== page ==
There are ten overcrowded government hospitals and 21 private clinics in Nouakchott and Nouadhibou. Some private clinics provide health services close to Western standards, but overall, the level of health services available is low by U.S. standards.  Telephone numbers for the hospitals and private clinics are available at the U.S. Embassy website.  Medicines are sold over the counter in drugstores in Nouakchott and Nouadhibou. Some of the primary health concerns include malaria, dengue, hepatitis, meningitis, typhoid fever, yellow fever, gastrointestinal distress from foodborne illnesses, intestinal parasites, schistosomiasis, rabies, tuberculosis, and HIV and AIDS.  A yellow fever immunization is required, and record of immunization for cholera may also be required for entry.  Recommended immunizations include hepatitis A and B, rabies, tetanus, diphtheria (Td), polio, typhoid, and COVID-19.  Children should be up to date on all immunizations recommended for their age group.

Local time, business hours, and holidays

Mauritania is on Universal Coordinated Time (UTC) and does not observe daylight savings. Businesses hours are Monday through Thursday from 8:00 am to 6:00 pm and Friday from 8:00 am to 12:00 p.m.  The observed 2023 holidays in Mauritania are:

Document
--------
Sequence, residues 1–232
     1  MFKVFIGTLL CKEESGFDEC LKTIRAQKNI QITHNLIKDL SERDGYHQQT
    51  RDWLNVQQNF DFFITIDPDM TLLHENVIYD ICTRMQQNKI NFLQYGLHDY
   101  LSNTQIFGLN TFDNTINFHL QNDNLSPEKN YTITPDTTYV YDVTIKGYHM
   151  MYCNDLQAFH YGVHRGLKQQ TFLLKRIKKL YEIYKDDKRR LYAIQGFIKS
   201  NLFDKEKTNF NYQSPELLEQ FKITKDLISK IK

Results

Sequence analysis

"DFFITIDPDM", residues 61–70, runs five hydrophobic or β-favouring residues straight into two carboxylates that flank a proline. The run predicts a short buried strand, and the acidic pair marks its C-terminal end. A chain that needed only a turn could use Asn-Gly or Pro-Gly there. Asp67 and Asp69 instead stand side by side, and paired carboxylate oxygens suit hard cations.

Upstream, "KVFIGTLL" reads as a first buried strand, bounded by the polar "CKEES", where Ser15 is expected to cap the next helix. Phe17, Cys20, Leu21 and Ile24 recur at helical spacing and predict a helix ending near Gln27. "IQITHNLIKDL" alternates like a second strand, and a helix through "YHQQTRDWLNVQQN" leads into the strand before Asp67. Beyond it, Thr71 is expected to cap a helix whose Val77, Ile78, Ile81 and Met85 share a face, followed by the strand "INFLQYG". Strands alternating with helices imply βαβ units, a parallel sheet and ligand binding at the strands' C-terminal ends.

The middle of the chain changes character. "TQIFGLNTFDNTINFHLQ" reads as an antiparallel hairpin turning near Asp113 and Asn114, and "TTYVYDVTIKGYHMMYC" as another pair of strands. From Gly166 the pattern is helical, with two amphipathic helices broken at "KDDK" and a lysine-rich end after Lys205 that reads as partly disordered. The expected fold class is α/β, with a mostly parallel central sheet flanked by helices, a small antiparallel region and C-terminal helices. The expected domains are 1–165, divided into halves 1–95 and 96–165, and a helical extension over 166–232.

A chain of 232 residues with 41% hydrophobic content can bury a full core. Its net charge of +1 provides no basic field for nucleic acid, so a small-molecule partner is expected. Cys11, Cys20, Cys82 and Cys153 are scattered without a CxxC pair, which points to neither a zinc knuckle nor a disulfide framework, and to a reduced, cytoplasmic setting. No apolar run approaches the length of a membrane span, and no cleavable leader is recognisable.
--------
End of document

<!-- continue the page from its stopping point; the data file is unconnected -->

January 1 – New Year’s Day

May 1 – International Labor Day

May 3* – Eid Al-Fitr / End of Ramadan

May 25 – Africa Day

July 10* – Eid Al-Adha / Tabaski

July 30* - Muharram 29* – Premier Muharram / Muslim New Year

September 27* – Eid Al-Mawlud / Prophet’s Commemoration

November 28 – National Independence Day

* To be announced based on the local Muslim Lunar Calendar.  Some holidays may last two days, particularly Eid Al-Fitr and Eid Al-Adha.

Temporary Entry of Materials and Personal Belongings

Personal effects, including professional equipment, which are carried by hand or in luggage may be temporarily imported into Mauritania free of duties and taxes under the Customs Convention on Temporary Importation of Professional Equipment.  Goods imported for exhibitions may enter under an ATA carnet, which may be obtained from the U.S. Council of the International Chamber of Commerce.